LIFESTYLE 10 months ago
Natural Wine - Everything You Need to Know From My Man Lou
Happy Friday, everyone! How have you all been? I feel like I’ve missed so much because I just got back from my three-week Asia vacation and you know…I have major jet lag. As much as I love traveling, being away for that long with only a carry-on and tote bag while hopping from one Airbnb to the next was… well, a little tough. Anyway, I’m so happy to be back home and back at work.
On that note, it’s officially the weekend, so what better time to discuss natural wines to get you in the m-o-o-d?
First a short story. When I was recently in Milpitas (right next to San Jose) visiting family, I went out to look for natural wines one night for dinner but couldn’t find any in my hometown. I Googled the closest natural wine shop… it was an hour away. I know what you’re thinking: awww boohoo, you didn’t make it to a natural wine shop? C’mon, just grab that buttery wine at the liquor mart. But… I just couldn’t.
Once you taste natural wine, you don’t ever want to NOT have natural wine. It’s like when you finally have hand-picked organic fruit from the garden. Once you return to processed foods… you feel DIFFERENT. Or, that feeling, like I had, of getting that first bowl of fresh pasta in Florence… how do you look at that box mac and cheese the same way again?
With that said, I feel so lucky to have a local wine guy who knows EVERYTHING about natural wine. That genius’ name is Mister Lou Amdur. He’s super witty, quirky, and most importantly, drops knowledge like it’s an afterthought (did I mention he also used to be an engineer?). So, during one of my regular visits to the shop, I asked him if he would be interested in doing a Q+A with me and he said, “Of course!”
Now, I should preface this by saying he probably shouldn’t be doing a Q+A with me because he’s actually a big-timer but, Lou and I are cool like that so now here are few pointers just for you.
So, scroll through, give it a read and let me (and Lou) know what you think, will you?
Question: For someone who’s never had natural wine, how would you explain the main differences between natural wine and some of these other phrases we hear a lot about: organic and biodynamic?
Answer: Think of wine like you think of the food you eat. Personally, I do not eat a lot of processed food, and the wine I drink is no different. Natural wines are wines that have no crap added to them or done to them, both in the vineyard and in the winery. Typically, natural winemakers use organically farmed grapes and ferment with wild yeasts and bacteria. They do not add winemaking additives and try to make the best wine they can using just grapes alone.
Organic farming means no crap added in the vineyard, though there may still be spoofilation inside the winery to fashion a consistent product or to bend the wine to the winemaker’s will. A wine labeled organic (not labeled merely “made with organic grapes”) is from organically farmed grapes, has no synthetic chemicals added to it, and sulfites may not exceed 100 ppm (note that this is on the high end of what you will find with many organically farmed wines—typically, you will see wines that contain between 20 to 40 ppm sulfites). A biodynamic wine is a priori organically farmed, but with additional preparations and agricultural practices specified by e.g., Demeter, one of the organizations that certifies biodynamic products.
Q: Where does that natural wine line begin, in your mind?
A: I have a pretty relaxed standard; others are more Taliban. First, I ask: are the grapes farmed without synthetic pesticides, herbicides, or fertilizers? Many of the growers I work with do not have organic certification, even if they are indeed farming that way. Second, I ask: is the juice fermented without additives? If natural wines displayed an ingredient list on the label, it would contain, ideally, one word: grapes.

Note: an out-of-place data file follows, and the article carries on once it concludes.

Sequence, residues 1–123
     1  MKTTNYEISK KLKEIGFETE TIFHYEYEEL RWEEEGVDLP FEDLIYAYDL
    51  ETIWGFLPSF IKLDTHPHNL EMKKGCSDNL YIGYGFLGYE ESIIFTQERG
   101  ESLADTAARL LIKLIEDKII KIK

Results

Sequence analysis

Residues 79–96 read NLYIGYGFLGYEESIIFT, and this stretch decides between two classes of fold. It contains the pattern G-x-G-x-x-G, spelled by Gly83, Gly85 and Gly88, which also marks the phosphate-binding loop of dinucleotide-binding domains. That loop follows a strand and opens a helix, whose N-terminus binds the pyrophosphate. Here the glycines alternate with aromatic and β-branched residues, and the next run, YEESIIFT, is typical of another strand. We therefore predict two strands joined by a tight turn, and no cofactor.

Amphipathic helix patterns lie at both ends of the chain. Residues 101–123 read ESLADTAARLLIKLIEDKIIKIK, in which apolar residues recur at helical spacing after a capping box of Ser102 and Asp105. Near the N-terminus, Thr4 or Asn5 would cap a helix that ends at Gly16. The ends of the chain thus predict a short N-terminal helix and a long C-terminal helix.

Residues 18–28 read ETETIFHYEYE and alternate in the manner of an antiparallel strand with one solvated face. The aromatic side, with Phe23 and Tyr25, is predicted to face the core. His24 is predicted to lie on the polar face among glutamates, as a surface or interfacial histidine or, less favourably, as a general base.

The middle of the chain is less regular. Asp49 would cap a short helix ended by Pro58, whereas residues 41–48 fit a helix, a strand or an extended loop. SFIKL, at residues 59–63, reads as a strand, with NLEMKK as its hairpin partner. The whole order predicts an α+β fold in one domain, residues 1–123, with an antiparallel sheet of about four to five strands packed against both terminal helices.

Q: What additives are in regular wines that people might not realize? What effects do they have on our bodies in the short or long term?
A: The FDA allows dozens of different additives in winemaking. Some of them are intrinsically benign, e.g., some wines have additional acid added to them because the winemaker thinks that a wine would taste better with this addition. It is the same acid that is naturally in the wine already, just more of it. You could eat tartaric acid (do not do this) to no ill effect. Conversely, some winemakers add chalk to their wines to reduce acidity for the same reason. Yet other additives are not so benign, e.g., defoaming agents and acetaldehyde, so the FDA regulates not only how much a winemaker may add to their wine, but also the levels of the additives that show up in the finished wine. I really don’t know how the levels of additives found in the average supermarket wine might affect any given person, either in the short or long term, but for myself I try to avoid additive-riddled food and wine in general (though I’m not a saint and admit to eating an airline dinner or frozen pizza on occasion). It could be more of a cumulative thing, and that if you are eating and drinking a lot of processed stuff, the total burden is that much higher. This may be a folkloric practice on my part, but I am sticking with my story.
Q: Please explain sulfites. Are all sulfites bad?
A: All wines contain sulfites, even those with no added sulfites. There is elemental sulfur in soils, and yeasts create various sulfur compounds from it during fermentation. The only way to remove all sulfites from a wine is to use a submicron filter small enough to filter out the sulfites but then you denature the wine, so that is why you mostly don’t see wines treated this way. Sulfur in high doses can stun or kill yeasts, and the Beaujolais growers responsible for initiating the modern natural wine movement in France in the 80’s stopped sulfiting their grapes and fermenting juice because they didn’t want to harm wild yeasts— they thought that the wild yeasts on the grapes, in the vineyard, and in the winery were part of how a wine can express something about the soils from which it originates. There’s a lot of anxiety about sulfites in wine, but I think it’s mostly misplaced, as very, very few people, really an infinitesimal number, have any sort of reaction to it (typically, these are asthmatics who know to avoid a whole range of things that might trigger their asthma… wine is probably the least of their worries). So, my advice regarding sulfites is to relax.